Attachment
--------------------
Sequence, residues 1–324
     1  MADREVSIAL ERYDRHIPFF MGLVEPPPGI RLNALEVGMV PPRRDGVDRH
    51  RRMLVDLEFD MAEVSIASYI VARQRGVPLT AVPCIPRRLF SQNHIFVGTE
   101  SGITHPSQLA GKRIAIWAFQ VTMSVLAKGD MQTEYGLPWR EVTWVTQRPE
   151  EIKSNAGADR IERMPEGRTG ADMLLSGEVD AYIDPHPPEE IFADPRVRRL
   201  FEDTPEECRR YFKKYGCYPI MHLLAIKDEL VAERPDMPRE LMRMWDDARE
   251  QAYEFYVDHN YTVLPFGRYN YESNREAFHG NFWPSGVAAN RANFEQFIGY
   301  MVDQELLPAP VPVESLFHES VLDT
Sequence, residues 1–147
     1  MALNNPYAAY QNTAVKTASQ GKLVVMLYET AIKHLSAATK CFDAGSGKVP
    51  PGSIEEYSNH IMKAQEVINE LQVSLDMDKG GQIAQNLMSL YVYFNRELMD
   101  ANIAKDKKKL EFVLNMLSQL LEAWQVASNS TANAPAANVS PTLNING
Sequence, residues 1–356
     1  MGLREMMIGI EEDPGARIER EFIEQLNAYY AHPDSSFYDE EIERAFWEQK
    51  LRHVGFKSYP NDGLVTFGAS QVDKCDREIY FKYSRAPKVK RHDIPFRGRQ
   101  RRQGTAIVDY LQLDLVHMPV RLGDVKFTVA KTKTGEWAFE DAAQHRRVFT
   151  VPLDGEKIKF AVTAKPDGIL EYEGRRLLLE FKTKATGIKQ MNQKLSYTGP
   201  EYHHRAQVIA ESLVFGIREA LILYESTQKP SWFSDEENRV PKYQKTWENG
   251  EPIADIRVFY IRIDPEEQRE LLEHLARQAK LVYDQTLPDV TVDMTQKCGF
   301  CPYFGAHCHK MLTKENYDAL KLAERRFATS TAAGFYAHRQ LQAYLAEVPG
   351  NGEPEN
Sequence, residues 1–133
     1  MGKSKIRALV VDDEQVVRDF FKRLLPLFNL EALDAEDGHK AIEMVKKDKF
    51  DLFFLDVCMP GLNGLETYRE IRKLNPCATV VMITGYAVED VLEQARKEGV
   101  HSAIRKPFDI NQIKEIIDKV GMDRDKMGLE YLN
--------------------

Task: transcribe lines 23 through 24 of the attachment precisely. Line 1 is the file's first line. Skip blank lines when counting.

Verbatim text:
     1  MGKSKIRALV VDDEQVVRDF FKRLLPLFNL EALDAEDGHK AIEMVKKDKF
    51  DLFFLDVCMP GLNGLETYRE IRKLNPCATV VMITGYAVED VLEQARKEGV